Versions of Rimbaud and Baudelaire

by Cliff Forshaw



A Mixed Bunch of Poet’s Flowers


after the French of Rimbaud’s ‘Ce qu’on dit au poète à propos de fleurs’


1. Lilies


On the poet’s list one bloom is top,

For trembling by the topaz seas:

O Lily, long the poet’s prop,

O enema of ecstasies!


But in this age of sago pud

And heavy labour on the farm,

Your lilies grow from soul, not mud,

Exuding an oddly pious charm.


Your lines are gilded with lilies, lilies,

Which, day-to-day, are rarely seen.

Farm-folk will find such verses silly:

Why do they tremble? So what’s that mean


When the Poet takes a shower,

His shirt’s on the line with his meagre kit:

A fluttering common or garden flower,

With yellow deodorant-stained armpits. 



2. Roses


And if the Poet decides on roses?

He pens them red, inflated, blown.

O laurel stem! The question posed is:

Where on earth are such roses grown?


The poet snows his roses down:

In bloody great red drifts they lie.

– Imagine the snow-red rosy ground!

Red snow? Red mists the reader’s eye.


French veg is ugly, gnarly, crabby

– Pissed on by weasels, rats and hounds.

French verse abhors the low-down shabby

Tubers prised from stony ground.


O Great White Hunter in the wild,

Tracking prey through the Fields of Pan,

You paint yourself as Nature’s Child

– But botanic ignorance reveals the man.


Sometimes even exotic species

Can’t outweird your mythical blooms:

Stuff that feeds on unicorn faeces,

Or craves the shade of Pharoahs’ tombs. 


Your verse turns over good French earth,

And weeds out all its native plants.

The poet’s now a floral flirt

Wearing orchidaceous fancy pants.



3. Green Shoots of Recovery


I know you’re taken by the tropics,

But try to be more down-to-earth.

Add economics to your topics:

Think what those foreign fields are worth!


Time now to praise the great plantations

– Sugar, cotton, coffee, tea.

No need for slavish imitations

Of Guardian leaders’ pieties


– Screw them and their sanctimony;

Freedom means the Market’s free.

What’s truly holy is the money.

The freshest growth is GNP.


The future’s here and tapping rubber

For Mackintosh’s waterproofs.

The whale at least gives up its blubber;

You blub liberally but stay aloof.


Your antique mythic scenery’s

(Asphodels gathered by Venus and Cupid)

Just creaky stage machinery.

It’s all about the economy, stupid!


Lose the amaranths, such plants

Obscure just what is really plain.

Your mystic visions are worn-out, pants.

The drowsy poppy’s for killing pain.  


Tradesman! Colonist or Medium!

Your rhymes now gutter pink and white.

Forget your midnight oily tedium:

Turn on the bud of electric light!


Sing of useful growing profits,

Laud workers set to tasks like ants.

Forget the floral; be the prophet;

Hymn the blooming industrial plant!


Our seasons now have all grown hellish.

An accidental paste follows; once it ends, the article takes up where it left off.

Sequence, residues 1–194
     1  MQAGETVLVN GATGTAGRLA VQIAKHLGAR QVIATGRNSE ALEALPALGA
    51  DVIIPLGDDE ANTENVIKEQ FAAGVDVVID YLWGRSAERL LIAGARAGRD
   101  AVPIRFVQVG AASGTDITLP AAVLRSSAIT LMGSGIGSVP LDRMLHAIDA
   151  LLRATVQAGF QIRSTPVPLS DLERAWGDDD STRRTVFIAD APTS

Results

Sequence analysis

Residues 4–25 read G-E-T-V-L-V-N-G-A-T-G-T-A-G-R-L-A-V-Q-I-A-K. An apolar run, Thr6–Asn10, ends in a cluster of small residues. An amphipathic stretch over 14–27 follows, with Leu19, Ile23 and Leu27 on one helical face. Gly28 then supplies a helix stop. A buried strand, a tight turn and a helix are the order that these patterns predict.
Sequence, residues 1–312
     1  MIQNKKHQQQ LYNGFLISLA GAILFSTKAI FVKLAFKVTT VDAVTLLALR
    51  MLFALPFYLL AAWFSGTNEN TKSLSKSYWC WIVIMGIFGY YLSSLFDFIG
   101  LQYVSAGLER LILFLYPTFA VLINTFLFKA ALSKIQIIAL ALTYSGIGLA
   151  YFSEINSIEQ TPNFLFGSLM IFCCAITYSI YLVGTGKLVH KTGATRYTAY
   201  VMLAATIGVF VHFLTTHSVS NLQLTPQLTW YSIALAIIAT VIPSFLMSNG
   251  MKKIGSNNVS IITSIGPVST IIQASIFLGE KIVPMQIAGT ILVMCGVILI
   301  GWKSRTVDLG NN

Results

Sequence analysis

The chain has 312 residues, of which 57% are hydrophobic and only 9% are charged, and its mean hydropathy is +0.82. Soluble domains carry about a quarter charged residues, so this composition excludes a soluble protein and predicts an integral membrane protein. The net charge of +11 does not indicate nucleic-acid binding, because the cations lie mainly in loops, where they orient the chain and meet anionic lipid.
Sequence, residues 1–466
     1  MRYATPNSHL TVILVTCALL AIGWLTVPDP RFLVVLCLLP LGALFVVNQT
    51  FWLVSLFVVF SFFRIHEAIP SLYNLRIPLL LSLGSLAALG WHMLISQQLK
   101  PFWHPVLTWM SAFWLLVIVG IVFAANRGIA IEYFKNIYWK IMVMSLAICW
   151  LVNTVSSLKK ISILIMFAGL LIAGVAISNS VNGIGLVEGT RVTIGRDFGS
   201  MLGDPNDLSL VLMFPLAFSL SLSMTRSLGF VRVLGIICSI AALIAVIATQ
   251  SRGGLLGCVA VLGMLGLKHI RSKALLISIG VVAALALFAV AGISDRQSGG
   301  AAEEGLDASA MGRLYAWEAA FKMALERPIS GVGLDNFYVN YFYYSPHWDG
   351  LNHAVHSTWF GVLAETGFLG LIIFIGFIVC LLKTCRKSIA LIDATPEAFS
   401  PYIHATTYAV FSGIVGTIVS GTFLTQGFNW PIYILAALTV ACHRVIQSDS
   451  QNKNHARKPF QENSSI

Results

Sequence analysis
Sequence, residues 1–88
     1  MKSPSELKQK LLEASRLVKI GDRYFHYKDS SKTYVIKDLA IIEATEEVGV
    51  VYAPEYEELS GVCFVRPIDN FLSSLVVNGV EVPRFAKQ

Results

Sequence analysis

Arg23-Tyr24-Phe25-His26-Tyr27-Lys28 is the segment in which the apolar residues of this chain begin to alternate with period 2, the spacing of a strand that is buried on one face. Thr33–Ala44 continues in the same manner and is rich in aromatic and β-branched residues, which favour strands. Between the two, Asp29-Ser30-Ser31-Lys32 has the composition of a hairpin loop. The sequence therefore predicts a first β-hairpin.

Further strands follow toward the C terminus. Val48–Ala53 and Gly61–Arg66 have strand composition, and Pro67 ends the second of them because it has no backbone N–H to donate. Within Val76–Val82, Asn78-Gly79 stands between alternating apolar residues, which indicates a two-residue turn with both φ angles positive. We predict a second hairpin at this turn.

This is what the future’s for.

Just describe it, don’t embellish,

The flowery rhetoric’s a bore.


The future’s bright, just listen to it:

Electric wires now start to hum,

Those old-style poets were deaf and blew it;

Think four-stroke metre and banged oil drum.  


From your dark poems, new lights must rise:

Illuminate those reds, blues, greens;

Pin swarms of acetylene butterflies;

Write now of things as yet unseen.


La Ville Lumière has banished night:

– No Baudelairean Flowers of Evil,

It’s time to rhyme potato blight

With noble rot and the flour weevil.


Lose the muse of bucolic lies,

The dawn’s new chorus trills alarms

As other horrible workers rise

To man the aisles at factory farms.


Progress means increasing yields.

Irrigation! Drain what’s sodden!

Bogs and deserts turned to fields!

One must be absolutely modern!



Vin Voudou


two variations on Baudelaire’s ‘Sed Non Satiata’


1. Vendange d’outre-mer 


Odd goddess, whose skin’s a smoky musk

still redolent of opium and Havana.

You may be some obi-man’s opus, some savannah

saviour’s ju-ju, or child of the Bayou dusk. 


Forget your Grands, your Premiers Crus, your Nuits;

for tenue, what lasts long on my tongue’s your mouth.

You are my full-bodied beaker of the South;

you slake, yet provoke thirst better than any Burgundy.


I note the rich robe, as you hold me with your eyes:

the worm goes through the cork, I’m mesmerised

to breathe the botánica’s bouquet and, as I taste


your voodoo vin gris-gris, too late, I’m lost; 

my palate echoes with santería; head 

with your blanc de noirs, those lives I never led.



2. Déjà-bu


No wine is fine enough; no drug can do 

the tricks you do (and turn), my wine-dark sea, 

my nest of mermaids, my girl in every port, 

the witchy Circe of this odyssey

who dulls all thoughts of fine Penelope.  

My mind’s your glass. You take my stem and twirl. 

I’m half a world away: moly, oily swirls

of sea-serpents, sargassos. Shipwrecked, all at sea,

washed up on some calypygian Aphrodite’s

shore, whose wily Calypso I discover to be you.

Have we lived and loved in other lives?

You always my stormy siren. Me, saoul

drunk, rudderless, compass-less, (compassionless 

for that good – still faithful? – wife.) Lost. Déjà-bu.



Cliff Forshaw has been a writer-in-residence in California, France, Romania, and Tasmania, twice a Hawthornden Writing Fellow, and guest poet at the 2016 Festival Internacional de Poesía de Granada in Nicaragua. His collections include Vandemonian (Arc, 2013) and Pilgrim Tongues (Wrecking Ball Press, 2015). cliff-forshaw.co.uk



Image credit: benmillett

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